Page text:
Can any Olympic Games before Rio have faced more hurdles? There was Zika, pollution and rampant crime, coupled with the fact that construction at the Deodoro equestrian venue ran severely late. Imagine the surprise of its detractors, therefore, when the organising committee staged a stunning three-day event that proved thrilling from start to finish. The only apparent ‘hitch’ was a stray bullet that flew into the media centre but fortunately caused no injury.
The disappointment for those watching from abroad must have been all those empty seats in the stands. While London 2012 was a sell-out, with even eventing dressage proving popular, barely one-tenth of the seats appeared sold for dressage day one in Rio, the cash-strapped locals uninterested and those from abroad put off by what they read in the papers. Who didn’t wish that they could have been beamed from the Starship Enterprise to Deodoro for a day or two?
Michael Jung was always going to have a ticket to South America and even having to ride his ‘second string’, Sam FBW, his London-2012, Badminton and Burghley victor — the list of wins is long — was far from a handicap.
Lying fifth after the dressage, the extraordinary German became the only competitor to complete on his dressage score, providing further affirmation, if any were needed, that he is the greatest protagonist the sport has ever seen.
Only three men have now won back-to-back Olympic gold (Charles Pahud de Mortanges, Mark Todd and Michael Jung), and the German could stand and listen to his National Anthem safe in the knowledge that he had negotiated one of the most difficult Olympic cross-country tracks in years.
Despite renowned course-designer Pierre Michelet having apparently been chosen for the role by default — rumour has it he was the only shortlisted designer to turn up for interview — the cross-country boasted his typical tough and technical stamp and destroyed the dreams of many medal hopefuls, including the dressage leader, William Fox-Pitt, who blamed himself for Chilli Morning’s ‘fly past’ at the Ski Jump fence.
A gold for Fox-Pitt, who lay in a coma after a horrific fall at Le Lion d’Angers last October, would have beaten even Aldaniti and Bob Champion’s Grand National victory for an ‘against the odds’ story, but sadly it wasn’t to be, although two clean jumping performances saw him finish a still incredible 12th.
Sadly for the supporters with Union Flags, there wasn’t much to cheer about beyond three great clear rounds in the show jumping qualifier for Fox-Pitt, Pippa Funnell and Kitty King, but by then it was too late and too many penalties had been accrued on cross-country day.
It wasn’t the swansong event performance manager Yogi Breisner (who now retires, having been at the helm since 1999) had been hoping for, but sometimes a new broom can sweep clean and maybe now the Brits can look forward to a different name looking at fresh strategies that will take them to Tokyo 2020 and beyond.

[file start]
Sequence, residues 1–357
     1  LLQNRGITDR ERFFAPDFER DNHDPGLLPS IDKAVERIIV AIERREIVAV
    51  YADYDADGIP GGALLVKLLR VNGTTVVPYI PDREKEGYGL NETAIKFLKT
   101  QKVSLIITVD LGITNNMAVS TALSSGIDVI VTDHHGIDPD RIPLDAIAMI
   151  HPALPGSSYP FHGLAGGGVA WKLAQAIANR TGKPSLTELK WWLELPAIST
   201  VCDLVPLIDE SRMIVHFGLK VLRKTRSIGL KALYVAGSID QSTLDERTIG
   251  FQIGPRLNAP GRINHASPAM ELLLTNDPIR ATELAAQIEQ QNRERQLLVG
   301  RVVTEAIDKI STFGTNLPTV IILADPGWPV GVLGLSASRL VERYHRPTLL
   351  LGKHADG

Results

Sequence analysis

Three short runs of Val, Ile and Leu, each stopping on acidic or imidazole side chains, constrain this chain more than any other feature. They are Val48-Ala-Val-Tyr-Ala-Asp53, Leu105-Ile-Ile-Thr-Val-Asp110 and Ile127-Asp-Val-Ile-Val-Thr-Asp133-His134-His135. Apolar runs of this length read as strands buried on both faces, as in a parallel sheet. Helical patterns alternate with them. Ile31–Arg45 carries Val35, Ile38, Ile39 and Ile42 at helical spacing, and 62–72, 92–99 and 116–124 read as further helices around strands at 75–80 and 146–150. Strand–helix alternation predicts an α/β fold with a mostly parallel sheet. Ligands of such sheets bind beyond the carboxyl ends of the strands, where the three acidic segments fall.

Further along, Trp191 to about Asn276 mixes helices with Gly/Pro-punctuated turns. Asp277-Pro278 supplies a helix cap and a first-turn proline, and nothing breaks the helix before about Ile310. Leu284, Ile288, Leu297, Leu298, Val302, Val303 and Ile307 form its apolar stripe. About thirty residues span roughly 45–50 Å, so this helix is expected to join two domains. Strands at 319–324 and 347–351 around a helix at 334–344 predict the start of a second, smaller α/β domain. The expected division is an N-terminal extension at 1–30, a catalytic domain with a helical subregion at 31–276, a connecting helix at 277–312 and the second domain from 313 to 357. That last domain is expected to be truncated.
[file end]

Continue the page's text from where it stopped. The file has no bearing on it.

But Rio proved that even the best can have an off day, and for Christopher Bartle’s German squad this time it was Monday, when, from their fancied quartet, only Jung recorded a clear round, while Ingrid Klimke and Sandra Auffarth racked up an uncharacteristic 20 penalties for run outs and their rookie Julia Krajewski incurred elimination.
But such was their dressage advantage and speed despite their faults, combined with classic clear rounds on the final day, that they clawed their way back into silver position and hugged and kissed the four relatively untried team gold medal-winning French riders, including individual silver medallist Astier Nicolas, during a prize-giving that showed the genuine camaraderie of the sport that others must surely envy.
Even Christopher Burton, the cross-country leader who let victory slip from his grasp on the final day, wore a beaming smile. He will always retain the memory that Santano II put up one of the most brilliant rounds of all on cross-country day, as did gutsy Japanese Yoshi Oiwa, who looked 110% committed to getting The Duke of Cavan over all 33 fences clear, determined not to find himself walking home as he did in London four years ago.
So what can we conclude from the three-day event in Rio 2016? That the cream of the sport rose to the top, and that if at first you don’t succeed you should try, try and try again. This is the ethos of Phillip Dutton, a five-times Olympian, first for his native Australia and, more recently, for the USA. Dutton is now the proud owner of an individual bronze medal — and one that is so deserved for dogged determination.
While Pierre Michelet’s cross-country course has earned plenty of plaudits, eventing’s place within the Olympic family may be built on sand. A fatal injury to a rider could end this century-long association, so why were there so few deformable fences boasting frangible pins and why a huge ‘table’, the Knowledge Bridge, two fences from home when some horses were leg weary? ‘Table’ fences cause more fatal injuries in this sport than any other and yet they continue to be used at this level and below. This time, eventing got lucky at the greatest sporting show on earth. Maybe, at the next Olympics it won’t.
The eventing team podium at Deodoro Olympic Park in Rio de Janeiro by Arnd Bronkhorst/FEI